atNight - Designing the City at Night [atnight.ws] is a research project at Universitat Politècnica de Catalunya led by Mar Santamaria (researcher) in collaboration with Pablo Martínez (lighting designer) and Jordi Bari (engineer). It investigation consists of comparing different representation techniques of the city, more particularly the city of Barcelona, Spain.
In the blink of an eye, summer is coming to an end. It feels like it was just yesterday that I was planning out all my summer activities as I eagerly awaited the start of long, sunny days and warm nights.
Before we approach the official end of summer on September 21, our Google Maps team thought it’d be fun to see how those of us in the Northern Hemisphere have spent the dog days. To do this, we reviewed the summer search activity on maps.google.com in several countries between the end of May and the beginning of September. Within each country, a look at some of the top-rising searches and the often-searched landmarks on Google Maps gives us a sense of how people around the world spent their summers.
It’s up! A Comparative Timeline of International Gay and Lesbian Legislation. It compares the current 10 countries that have legalized gay marriage nationwide, the USA, Great Britain, and Brazil. Obviously there are a lot of countries missing from the list but I had less than a month to do this… So….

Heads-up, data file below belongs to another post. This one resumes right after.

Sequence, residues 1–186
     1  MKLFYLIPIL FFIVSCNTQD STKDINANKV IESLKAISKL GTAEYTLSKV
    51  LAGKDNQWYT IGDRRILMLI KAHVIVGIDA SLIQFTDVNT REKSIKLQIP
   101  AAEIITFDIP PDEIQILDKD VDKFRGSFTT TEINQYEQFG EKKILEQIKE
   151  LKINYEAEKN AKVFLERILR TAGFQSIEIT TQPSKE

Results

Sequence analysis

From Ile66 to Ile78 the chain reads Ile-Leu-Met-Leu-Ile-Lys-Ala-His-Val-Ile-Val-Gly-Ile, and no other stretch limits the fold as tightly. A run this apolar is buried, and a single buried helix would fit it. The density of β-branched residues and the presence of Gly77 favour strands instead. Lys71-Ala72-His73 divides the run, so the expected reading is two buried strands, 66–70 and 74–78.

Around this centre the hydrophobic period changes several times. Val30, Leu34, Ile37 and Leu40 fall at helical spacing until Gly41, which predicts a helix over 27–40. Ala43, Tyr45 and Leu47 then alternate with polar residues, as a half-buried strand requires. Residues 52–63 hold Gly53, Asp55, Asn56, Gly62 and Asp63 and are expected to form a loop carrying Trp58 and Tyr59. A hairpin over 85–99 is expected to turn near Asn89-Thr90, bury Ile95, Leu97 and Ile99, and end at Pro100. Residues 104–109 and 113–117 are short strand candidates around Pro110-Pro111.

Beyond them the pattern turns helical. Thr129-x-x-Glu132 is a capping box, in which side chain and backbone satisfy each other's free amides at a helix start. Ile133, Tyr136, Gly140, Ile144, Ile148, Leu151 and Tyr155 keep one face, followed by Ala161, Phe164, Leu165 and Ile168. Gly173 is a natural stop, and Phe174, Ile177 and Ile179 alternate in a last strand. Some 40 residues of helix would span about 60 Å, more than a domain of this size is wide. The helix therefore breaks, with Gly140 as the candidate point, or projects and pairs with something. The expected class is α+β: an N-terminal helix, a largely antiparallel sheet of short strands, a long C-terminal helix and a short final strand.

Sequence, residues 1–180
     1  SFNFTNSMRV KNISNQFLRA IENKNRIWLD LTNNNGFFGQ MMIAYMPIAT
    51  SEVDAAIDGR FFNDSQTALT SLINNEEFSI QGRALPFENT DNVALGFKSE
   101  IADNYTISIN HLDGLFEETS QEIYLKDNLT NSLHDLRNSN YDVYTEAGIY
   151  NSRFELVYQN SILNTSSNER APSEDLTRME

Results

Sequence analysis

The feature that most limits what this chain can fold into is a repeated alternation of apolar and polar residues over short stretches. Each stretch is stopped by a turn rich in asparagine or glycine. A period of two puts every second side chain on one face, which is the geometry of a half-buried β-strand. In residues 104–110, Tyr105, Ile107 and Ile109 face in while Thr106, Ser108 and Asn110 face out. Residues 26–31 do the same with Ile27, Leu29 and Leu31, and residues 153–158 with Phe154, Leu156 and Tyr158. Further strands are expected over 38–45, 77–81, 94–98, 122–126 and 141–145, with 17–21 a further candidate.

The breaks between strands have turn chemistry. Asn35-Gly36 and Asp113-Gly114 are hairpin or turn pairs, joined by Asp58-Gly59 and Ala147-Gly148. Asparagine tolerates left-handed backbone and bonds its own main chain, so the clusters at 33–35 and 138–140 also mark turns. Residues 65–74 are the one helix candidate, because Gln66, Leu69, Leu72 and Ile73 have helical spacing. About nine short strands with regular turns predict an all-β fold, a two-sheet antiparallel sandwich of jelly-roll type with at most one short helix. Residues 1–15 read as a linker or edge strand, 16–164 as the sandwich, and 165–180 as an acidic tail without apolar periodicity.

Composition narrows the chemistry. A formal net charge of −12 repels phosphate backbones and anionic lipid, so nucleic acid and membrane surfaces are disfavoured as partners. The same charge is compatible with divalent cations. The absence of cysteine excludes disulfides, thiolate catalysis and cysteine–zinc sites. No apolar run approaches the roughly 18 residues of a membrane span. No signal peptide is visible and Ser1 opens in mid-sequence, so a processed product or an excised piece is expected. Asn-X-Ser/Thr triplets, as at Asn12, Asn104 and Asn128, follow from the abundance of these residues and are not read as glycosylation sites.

The finished version of the last post’s work in progress is now finished and online at DiversityCentral.com. Click through for full version and all the accompanying footnotes and sources.
Usually I just act as a “social media” intern, really just a strategic position since I’m not actually learned in marketing or anything, but I took it on as a kind of voluntary learning experience. This past month I was asked if I was interested in doing their short monthly statistics piece which is usually handled by an editorial intern.
We decided ahead of time that it would be something related to international LGBT facts. Rather than doing the usual short text collection of percentages I decided that it would be more interesting to do something more visual, which I find to be more immediately impactful. And there you have it.
Anyway, I won’t go too into it since technically this is meant for Diversity Central. Go ahead and go to the links to see the footnotes corresponding to each number and learn more if you want. I will also be writing a more in-depth blog post for them about it so I’ll link that when it’s done.
… Also this is pretty much my first “professional” (if even) data visualization so feedback is appreciated. I’m not completely happy with how complicated the partial legislation stuff looks when it’s all overlapping and stuff but maybe it just reflects how complicated legislation gets in certain countries.
Who owes what to whom?
Visualizar’11: Understanding Infrastructures aims to tackle the big questions around infrastructures — the big systems that support global processes such as the production and transportation of energy and water or the provision of global communication and mobility.
A really good map of election results in Spain since 1987. The developers explain: “We were contacted by the Spanish national television station RTVE to create a visualization tool allowing users to understand the 2011 Spanish electoral results in the context of historical electoral results and a range of demographic indicators.” Impressive.